A Quest for Humility: Humility, Self, and the Harvest
“This is the one I esteem [says the Lord]: he who is humble and contrite in spirit, and who trembles at my word.” (Isaiah 66:2)
“All of you, cloth yourselves with humility toward one another, because God opposes the proud but gives grace to the humble.” (1 Peter 5:5)
“With the humble is wisdom.” (Proverbs 11:2)
“Humility is the first of all virtues—especially for other people.” (Oliver Wendell Holmes)
Consider this sober assessment of the importance of humility from the pen of the saintly Andrew Murray,
“Pride offends God…humility affirms him. Through pride an angel of light was transformed into a demon of darkness…by humility the Son of God became the Son of Man. Through pride came death…by humility comes life. Through pride the first Adam sinned…by humility the last Adam saves. Through pride men resist the truth…by humility they revel in it. Through pride men seek to rule…by humility they learn to serve. Through pride men are condemned to Hell…by humility they are consecrated for Heaven. So that in the end, everything in which men have boasted and for which in the arrogance of self-will they have labored, will be brought to nothing. Whereas all who have humbly taken up their cross and followed the Lamb of God will, in that hour, feel the finest triumph known to man—eternal life!1”
Biblical humility involves at least three things: 1. An attitude of complete dependence upon God. 2. Freedom from a sense of one’s own self-importance. 3. An honest concern for others. As such, humility is one of the most mentioned and encouraged of all Christian virtues2. Let’s look at each of these aspects of humility for a moment.
First, to be dependent on the Lord means that we confidently trust and rely upon him. The opposite of dependence, or reliance on God, is independence, or defiance of God and reliance on self. From personal experience, I can say that it only takes a couple of times of brokenness from relying on everything other than God to teach us that we don’t have the strength, talent, or resources to meet our own needs. What is sadly true is that those who are “weak” tend to learn this lesson more quickly than the “strong”–who sometimes inadvertently resist the inexorable3 and universal truth: thathuman beings are God-dependent creatures. Like the country preacher said: “The Good News is that there is a God—and you aint him!” According to the Apostle Paul, once we learn that God wants us to so radically depend on him, then we can revel (or glory) in our weakness—the acknowledgment of our human condition (2 Corinthians 12:5-10. Such an acknowledgment of human weakness is actually the path to divine strength and provision. Is there something about which you are struggling right now? Embrace the weakness of your humanity and confess with brokenness your need for divine intervention. Then patiently and gratefully wait for him to reveal his provision.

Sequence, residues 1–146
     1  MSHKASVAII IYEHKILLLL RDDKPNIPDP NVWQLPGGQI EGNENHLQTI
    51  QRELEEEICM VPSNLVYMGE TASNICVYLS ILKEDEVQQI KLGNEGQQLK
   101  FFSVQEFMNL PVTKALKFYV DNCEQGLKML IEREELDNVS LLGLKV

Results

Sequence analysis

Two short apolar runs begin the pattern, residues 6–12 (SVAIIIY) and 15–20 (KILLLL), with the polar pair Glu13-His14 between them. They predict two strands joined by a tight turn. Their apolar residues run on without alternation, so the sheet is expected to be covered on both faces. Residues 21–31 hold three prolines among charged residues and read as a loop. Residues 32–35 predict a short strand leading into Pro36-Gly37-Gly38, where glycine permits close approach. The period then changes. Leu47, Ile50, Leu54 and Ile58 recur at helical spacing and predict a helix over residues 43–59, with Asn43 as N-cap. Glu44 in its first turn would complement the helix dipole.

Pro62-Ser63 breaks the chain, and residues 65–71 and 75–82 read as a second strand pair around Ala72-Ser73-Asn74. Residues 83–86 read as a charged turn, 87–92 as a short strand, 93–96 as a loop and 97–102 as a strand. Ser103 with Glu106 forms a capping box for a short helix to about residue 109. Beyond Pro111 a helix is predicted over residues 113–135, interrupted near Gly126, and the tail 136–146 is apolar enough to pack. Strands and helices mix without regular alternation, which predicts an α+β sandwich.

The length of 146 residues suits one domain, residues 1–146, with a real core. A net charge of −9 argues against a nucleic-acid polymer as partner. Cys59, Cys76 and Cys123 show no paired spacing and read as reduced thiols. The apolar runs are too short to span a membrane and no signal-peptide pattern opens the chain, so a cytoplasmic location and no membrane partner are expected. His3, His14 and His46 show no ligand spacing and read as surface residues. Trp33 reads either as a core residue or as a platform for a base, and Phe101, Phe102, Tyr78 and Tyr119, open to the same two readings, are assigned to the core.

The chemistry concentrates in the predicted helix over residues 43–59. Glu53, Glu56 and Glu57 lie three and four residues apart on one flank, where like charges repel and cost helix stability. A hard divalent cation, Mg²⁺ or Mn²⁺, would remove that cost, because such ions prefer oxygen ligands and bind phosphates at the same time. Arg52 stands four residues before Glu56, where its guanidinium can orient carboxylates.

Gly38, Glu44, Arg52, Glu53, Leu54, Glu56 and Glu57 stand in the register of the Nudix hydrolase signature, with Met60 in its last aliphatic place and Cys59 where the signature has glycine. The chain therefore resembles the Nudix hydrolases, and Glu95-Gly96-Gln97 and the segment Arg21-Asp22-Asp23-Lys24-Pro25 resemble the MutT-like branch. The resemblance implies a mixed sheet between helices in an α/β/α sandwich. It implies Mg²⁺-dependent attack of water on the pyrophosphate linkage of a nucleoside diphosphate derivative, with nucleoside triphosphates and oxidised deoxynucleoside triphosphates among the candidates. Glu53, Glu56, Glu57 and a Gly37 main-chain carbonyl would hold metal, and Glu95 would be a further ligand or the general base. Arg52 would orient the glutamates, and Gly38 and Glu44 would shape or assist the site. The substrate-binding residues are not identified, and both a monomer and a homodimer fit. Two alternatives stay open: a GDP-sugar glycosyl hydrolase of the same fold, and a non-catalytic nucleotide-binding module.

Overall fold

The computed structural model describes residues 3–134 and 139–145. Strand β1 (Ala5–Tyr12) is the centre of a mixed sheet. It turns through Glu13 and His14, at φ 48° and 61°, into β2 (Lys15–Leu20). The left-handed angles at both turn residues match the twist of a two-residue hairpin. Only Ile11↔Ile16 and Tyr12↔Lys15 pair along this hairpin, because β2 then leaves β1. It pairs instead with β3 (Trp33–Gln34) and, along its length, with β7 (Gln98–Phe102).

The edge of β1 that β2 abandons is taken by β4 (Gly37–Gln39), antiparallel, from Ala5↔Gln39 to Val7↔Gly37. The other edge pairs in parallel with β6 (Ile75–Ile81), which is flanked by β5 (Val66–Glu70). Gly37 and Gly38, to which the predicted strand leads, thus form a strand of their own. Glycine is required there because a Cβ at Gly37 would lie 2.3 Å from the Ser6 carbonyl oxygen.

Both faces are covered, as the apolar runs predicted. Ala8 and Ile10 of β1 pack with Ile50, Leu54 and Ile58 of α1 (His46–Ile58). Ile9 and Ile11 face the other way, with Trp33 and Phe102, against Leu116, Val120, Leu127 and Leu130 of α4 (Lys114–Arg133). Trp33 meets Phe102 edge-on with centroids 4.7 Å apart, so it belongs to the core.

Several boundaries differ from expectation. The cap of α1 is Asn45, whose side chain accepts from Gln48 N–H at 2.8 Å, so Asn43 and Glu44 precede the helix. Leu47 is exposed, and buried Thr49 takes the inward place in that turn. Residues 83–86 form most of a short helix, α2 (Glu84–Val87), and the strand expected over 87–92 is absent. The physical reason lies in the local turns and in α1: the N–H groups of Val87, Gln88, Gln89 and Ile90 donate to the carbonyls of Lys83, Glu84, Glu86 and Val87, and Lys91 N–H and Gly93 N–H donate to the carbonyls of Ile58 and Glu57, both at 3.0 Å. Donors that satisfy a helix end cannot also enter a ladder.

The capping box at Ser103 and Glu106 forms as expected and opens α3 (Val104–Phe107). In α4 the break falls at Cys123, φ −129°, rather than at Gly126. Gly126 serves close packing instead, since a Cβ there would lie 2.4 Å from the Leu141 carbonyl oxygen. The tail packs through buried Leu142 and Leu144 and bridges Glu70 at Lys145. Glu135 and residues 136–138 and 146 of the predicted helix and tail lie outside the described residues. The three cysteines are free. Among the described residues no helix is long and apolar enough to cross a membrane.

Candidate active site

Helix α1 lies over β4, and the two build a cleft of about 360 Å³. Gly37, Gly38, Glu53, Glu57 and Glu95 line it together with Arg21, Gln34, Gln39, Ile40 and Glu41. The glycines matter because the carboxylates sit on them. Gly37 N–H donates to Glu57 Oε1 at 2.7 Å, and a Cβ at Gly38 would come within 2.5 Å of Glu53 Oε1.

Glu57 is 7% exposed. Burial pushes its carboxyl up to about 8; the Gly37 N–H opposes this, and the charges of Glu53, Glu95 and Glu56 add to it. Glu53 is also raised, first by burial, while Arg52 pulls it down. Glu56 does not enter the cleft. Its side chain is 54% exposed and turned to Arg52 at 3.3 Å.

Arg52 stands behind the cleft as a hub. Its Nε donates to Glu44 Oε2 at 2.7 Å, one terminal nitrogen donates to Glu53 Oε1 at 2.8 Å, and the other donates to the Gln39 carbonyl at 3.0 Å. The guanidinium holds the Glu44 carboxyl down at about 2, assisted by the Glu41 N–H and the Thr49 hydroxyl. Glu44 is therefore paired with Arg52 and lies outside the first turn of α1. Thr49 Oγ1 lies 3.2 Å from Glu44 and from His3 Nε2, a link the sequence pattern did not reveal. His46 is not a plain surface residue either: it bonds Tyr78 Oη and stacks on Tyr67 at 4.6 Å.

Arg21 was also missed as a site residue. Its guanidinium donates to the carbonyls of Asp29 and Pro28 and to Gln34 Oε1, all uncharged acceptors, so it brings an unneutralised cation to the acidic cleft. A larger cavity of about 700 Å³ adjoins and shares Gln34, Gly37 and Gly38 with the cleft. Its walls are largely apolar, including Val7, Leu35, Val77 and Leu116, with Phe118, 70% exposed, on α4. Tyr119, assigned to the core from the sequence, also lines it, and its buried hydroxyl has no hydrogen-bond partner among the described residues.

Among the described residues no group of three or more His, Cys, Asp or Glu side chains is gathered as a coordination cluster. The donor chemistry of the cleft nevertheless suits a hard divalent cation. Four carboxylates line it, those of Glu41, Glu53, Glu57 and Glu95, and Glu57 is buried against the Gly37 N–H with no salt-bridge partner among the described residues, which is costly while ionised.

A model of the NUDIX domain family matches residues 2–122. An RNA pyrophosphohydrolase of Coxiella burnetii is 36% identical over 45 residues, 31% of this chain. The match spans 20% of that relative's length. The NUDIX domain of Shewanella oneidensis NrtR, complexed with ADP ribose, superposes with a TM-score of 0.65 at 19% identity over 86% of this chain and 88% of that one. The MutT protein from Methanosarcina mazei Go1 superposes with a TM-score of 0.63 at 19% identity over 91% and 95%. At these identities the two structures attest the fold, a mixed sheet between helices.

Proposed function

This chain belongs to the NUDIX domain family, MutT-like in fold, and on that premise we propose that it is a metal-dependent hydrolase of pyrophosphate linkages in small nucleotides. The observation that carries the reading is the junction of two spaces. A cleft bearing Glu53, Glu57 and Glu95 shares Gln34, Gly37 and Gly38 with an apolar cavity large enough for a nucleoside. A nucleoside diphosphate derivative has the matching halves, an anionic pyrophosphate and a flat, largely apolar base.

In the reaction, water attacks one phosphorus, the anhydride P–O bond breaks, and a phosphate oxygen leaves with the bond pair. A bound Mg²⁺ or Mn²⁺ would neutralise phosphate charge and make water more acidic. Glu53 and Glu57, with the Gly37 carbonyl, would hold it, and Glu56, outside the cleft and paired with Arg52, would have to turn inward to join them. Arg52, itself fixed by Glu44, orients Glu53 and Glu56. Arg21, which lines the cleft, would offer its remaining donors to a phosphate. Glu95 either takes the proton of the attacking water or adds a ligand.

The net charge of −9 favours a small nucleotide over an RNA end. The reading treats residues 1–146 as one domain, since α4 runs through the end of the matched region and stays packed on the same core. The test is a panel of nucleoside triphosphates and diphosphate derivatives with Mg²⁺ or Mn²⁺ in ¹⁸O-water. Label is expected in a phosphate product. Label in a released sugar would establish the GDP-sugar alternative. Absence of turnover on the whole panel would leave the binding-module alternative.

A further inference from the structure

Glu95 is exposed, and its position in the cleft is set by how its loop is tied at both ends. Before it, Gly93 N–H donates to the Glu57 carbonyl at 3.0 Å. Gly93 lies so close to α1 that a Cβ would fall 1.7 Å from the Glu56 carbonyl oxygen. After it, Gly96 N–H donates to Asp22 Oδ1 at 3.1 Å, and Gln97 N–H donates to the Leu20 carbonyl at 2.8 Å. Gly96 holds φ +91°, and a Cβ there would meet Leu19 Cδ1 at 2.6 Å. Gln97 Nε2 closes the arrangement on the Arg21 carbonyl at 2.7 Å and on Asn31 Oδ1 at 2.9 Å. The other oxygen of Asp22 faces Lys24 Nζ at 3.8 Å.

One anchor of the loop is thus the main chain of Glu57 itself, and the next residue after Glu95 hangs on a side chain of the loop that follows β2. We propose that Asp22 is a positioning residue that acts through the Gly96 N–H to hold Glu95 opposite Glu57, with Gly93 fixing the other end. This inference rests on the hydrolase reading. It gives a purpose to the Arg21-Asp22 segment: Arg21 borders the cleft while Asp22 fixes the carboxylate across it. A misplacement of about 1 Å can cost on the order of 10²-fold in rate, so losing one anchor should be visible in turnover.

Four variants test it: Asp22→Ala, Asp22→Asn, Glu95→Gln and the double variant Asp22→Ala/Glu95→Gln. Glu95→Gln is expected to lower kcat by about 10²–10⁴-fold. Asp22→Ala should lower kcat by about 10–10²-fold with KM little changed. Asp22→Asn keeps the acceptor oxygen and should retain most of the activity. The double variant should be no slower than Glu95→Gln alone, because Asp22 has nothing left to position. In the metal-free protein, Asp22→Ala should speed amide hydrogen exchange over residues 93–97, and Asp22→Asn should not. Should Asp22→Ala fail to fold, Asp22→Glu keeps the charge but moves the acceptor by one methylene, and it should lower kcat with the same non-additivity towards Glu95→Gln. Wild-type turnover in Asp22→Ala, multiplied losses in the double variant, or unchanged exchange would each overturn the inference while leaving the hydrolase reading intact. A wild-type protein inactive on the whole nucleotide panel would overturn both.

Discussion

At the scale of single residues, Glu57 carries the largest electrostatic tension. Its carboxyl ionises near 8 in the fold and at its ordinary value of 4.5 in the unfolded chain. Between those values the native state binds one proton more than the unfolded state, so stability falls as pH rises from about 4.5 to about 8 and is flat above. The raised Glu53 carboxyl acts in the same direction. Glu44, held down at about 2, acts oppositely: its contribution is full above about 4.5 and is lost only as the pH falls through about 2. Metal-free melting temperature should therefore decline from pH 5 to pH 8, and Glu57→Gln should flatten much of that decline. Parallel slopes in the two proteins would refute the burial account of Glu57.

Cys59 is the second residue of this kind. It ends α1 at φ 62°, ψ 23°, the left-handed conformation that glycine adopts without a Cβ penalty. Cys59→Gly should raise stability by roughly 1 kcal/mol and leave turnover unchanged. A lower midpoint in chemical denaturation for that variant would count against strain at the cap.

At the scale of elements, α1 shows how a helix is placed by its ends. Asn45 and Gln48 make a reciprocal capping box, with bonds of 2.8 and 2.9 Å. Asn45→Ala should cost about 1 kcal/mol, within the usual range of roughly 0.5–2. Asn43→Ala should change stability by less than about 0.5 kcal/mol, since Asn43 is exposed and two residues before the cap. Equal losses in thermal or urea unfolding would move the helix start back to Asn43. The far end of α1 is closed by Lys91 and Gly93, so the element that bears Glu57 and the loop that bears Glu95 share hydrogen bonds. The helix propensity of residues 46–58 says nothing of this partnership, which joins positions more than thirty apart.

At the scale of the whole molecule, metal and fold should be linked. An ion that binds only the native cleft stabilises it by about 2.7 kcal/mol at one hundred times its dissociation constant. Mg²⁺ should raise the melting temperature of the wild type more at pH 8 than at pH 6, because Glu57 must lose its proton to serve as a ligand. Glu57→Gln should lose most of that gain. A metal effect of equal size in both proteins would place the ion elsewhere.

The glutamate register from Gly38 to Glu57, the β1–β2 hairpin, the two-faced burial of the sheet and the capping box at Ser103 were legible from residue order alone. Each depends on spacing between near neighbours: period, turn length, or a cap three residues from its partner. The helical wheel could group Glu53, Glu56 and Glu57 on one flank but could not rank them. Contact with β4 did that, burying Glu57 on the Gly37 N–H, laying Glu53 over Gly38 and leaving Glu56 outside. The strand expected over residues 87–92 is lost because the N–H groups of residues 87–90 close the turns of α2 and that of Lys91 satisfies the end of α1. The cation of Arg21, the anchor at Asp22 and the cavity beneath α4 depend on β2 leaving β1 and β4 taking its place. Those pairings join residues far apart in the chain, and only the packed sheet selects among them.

The second and third aspects of humility are related: humility frees us from a sense of our own self-importance in order to be genuinely concerned about others. Ever notice how a young child assumes that he or she is the center of the universe? I mean, it is as if other people do not even exist. This self-centeredness is destined (around puberty) for a collision with the reality that other people also occupy the planet—let alone one’s own householdJ Furthermore, if one is to have a peaceful life, then must learn how to live in relation to others. This “collision of the self” (with the existence of others) is as true in the spiritual realm as it is in the natural realm. The natural man tries to solve the conflict by asserting, or dare I say “actualizing4” himself.
The spiritual man must go beyond the natural need of social integration to the place of a servant. In this sense, a Christian is called to both “love” oneself and to “deny” oneself. On the one hand, we must “love” ourselves in order to appropriately take care of our personal needs, as well as to relate to others in healthy ways. After all, a low self-esteem can lead to self-loathing and even self-hatred. Such people are prone to abusive relationships or even thoughts of murder or suicide. On the other hand, we must “deny” ourselves if we are to be servants of Christ. We are not here to simply serve ourselves—regardless of how much people may trumpet our praise and accomplishments in the process (Matthew 6:24-27). What we are here to do is to serve Christ by caring for others in his Name. And even when their natural needs are met, as they must be, there still remains the greater and most desperate need of humanity: spiritual and eternal salvation in Christ (1 Timothy 1:18; John 3:16).
What occupies your time, efforts, and resources my friend? Are you still striving to actualize or fulfill the self, or are you spiritually maturing to a place where you are daily engaged in the “work of the harvest.” For unless you and I are sufficiently delivered from self we will never realize the Lord’s call as servants of his harvest. To that end, may our quest for humility be so rewarded by the Lord. Amen.
“Have you not said, ‘There are four months more until the harvest’? But I tell you, open your eyes and look at the fields! They are ripe for harvest even now!” (John 4:35-36a)
“The harvest is plentiful but the workers are few. Pray that the Lord of the harvest will raise up and send forth workers into his harvest field.” (Matthew 9:37-38)
“The Son of God became a man that men might become sons of God.” (C.S. Lewis)
Let the lord be magnified
 Abraham Maslow’s “Hierarchy of Needs” calls for self-actualization whereas Viktor Frankl calls for self-transcendence in Man’s Search for Meaning. In my mind, Frankl’s idea is much more akin to Jesus’ teaching in this regard. If you have not yet read Frankl’s text I recommend you do so.